Meanwhile, the same 2021 is said to be N505 billion higher than that of 2020. Again, from a lay person’s point of view, it does not make sense to increase a budget in a pandemic and recession year, only for that same country to want to borrow or sell national assets to finance it. Isn’t it safer to work within your limited finance than project high and plunge the nation into more debt traps?
Besides, up till this moment, no one can tell how the proceeds of such sales were ever utilised to help the economy. Nigeria still has housing deficit issues and virtually none of the public sector properties sold did better after their acquisition. Instead, the assets were stripped and the companies rendered comatose, such that today they are shadows of their past.
In a document from the minister, government will sell the integrated power plants in Geregu, Omotosho and Calabar at N434 billion, concession the National Arts Theatre, Tafawa Balewa Square and all the river basins authorities at N836 billion. Also the National Stadium in Lagos, Moshood Abiola Statium, Abuja and two others are to be concessioned for N100 million and all the sales would be through the Bureau of Public Enterprises (BPE), an organ of government that has an unenviable past in this regard, and somehow operates clandestinely, according to the Senate.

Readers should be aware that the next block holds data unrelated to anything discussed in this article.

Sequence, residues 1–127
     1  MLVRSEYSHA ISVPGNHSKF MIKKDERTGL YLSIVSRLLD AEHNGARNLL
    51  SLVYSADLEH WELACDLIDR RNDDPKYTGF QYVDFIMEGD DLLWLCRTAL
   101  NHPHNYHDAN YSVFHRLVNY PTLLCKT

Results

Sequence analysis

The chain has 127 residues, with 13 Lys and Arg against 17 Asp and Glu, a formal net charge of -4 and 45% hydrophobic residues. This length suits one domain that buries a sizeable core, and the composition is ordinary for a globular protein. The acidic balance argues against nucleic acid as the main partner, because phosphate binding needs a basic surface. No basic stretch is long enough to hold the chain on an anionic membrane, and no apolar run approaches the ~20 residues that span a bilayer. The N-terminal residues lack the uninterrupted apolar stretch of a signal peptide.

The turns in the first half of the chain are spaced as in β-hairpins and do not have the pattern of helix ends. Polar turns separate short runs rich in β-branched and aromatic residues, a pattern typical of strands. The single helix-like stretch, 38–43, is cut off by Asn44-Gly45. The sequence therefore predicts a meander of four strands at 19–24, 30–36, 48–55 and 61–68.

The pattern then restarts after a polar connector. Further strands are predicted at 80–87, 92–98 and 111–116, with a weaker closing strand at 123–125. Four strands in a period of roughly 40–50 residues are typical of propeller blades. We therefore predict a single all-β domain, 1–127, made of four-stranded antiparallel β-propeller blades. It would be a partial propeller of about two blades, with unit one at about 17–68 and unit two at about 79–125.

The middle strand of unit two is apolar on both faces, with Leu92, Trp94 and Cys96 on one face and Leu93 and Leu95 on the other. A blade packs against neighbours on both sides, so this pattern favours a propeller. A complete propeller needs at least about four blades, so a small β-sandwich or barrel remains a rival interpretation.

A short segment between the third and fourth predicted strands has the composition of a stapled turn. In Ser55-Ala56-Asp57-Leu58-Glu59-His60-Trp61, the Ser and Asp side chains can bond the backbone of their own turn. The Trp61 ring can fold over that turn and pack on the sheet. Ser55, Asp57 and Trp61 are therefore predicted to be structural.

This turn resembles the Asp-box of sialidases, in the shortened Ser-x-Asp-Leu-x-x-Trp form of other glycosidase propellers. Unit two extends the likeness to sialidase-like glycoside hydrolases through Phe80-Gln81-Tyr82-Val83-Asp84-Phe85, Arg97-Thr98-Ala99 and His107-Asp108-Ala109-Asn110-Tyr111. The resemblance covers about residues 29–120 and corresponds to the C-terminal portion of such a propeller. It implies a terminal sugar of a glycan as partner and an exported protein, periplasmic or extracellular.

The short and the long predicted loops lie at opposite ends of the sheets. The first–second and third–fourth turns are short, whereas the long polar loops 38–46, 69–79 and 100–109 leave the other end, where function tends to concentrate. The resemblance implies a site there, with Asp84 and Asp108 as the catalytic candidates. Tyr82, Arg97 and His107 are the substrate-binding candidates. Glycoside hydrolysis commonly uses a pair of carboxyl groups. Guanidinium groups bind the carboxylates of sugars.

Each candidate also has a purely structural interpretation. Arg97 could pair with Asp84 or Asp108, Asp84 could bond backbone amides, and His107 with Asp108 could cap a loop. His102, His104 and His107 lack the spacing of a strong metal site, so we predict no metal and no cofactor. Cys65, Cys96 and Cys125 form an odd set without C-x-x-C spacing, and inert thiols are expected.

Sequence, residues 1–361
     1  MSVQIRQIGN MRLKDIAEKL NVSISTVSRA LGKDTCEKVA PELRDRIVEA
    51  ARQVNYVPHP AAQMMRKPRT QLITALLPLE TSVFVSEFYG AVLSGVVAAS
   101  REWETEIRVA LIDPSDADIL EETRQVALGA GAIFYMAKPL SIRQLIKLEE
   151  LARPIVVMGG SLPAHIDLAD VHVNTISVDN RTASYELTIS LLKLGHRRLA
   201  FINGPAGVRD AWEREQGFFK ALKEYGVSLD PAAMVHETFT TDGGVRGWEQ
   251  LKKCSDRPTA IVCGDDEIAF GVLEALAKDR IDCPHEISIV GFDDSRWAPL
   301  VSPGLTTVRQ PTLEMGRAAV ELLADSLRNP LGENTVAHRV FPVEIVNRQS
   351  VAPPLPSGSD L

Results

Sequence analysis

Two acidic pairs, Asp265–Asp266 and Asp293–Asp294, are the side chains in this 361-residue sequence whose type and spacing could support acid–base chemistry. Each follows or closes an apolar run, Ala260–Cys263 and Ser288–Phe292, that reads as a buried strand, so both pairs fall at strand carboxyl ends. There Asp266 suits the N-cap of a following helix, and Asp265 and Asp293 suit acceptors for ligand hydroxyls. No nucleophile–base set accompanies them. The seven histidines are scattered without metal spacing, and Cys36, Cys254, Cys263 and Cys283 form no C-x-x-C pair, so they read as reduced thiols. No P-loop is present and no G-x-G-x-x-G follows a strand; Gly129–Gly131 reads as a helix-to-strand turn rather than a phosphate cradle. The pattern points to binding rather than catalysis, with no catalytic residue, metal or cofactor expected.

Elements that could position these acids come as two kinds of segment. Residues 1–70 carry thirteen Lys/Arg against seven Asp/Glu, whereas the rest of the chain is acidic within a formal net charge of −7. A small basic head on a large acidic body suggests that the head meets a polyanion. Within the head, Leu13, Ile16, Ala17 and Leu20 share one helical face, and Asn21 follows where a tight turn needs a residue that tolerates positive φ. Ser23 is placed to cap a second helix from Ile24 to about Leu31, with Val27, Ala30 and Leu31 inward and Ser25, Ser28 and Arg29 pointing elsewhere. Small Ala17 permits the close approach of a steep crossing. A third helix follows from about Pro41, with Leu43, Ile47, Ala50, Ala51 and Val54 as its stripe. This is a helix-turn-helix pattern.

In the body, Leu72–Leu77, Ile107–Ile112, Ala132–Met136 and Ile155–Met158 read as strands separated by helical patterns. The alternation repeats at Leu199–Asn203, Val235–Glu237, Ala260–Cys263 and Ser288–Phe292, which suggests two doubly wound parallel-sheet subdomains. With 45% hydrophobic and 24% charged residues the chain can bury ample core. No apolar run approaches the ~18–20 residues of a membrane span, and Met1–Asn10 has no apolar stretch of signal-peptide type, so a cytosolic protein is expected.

Unfortunately, the country has been through this kind of mess before; the only difference is that no lesson was learnt from that time.
Between 2003 and 2007, the Olusegun Obasanjo government, with the current governor of Kaduna State, Nasir El-Rufai at the helms, hurriedly auctioned off some national assets running into billions of naira. Although it is true that those government properties were run down, affording the authorities the alibi to sell them, a serious government would have fixed the associated problems of corruption, mismanagement and the absence of a maintenance culture, than further reducing the assets to liabilities, and diminishing their worth towards onward sale to friends and cronies.
Besides, up till this moment, no one can tell how the proceeds of such sales were ever utilised to help the economy. Nigeria still has housing deficit issues and virtually none of the public sector properties sold did better after their acquisition. Instead, the assets were stripped and the companies rendered comatose, such that today they are shadows of their past. A bad example of how not to sell government property was the disposal of NICON Insurance to a business man, Jimoh Ibrahim. Today, the company is worse off, with its bad shape reflected in the physical dilapidation of the company’s gigantic head office in Abuja. The sale of Daily Times newspaper, which in its hey days had property strewn all over the country, has remained a subject of litigation almost 20 years after, even as its assets have been stripped too. Not to talk of the sale of the Legislative Quarters in Abuja – an action that caused so much uproar but which the subsequent government of Umaru Yar’adua did not have the courage to upturn.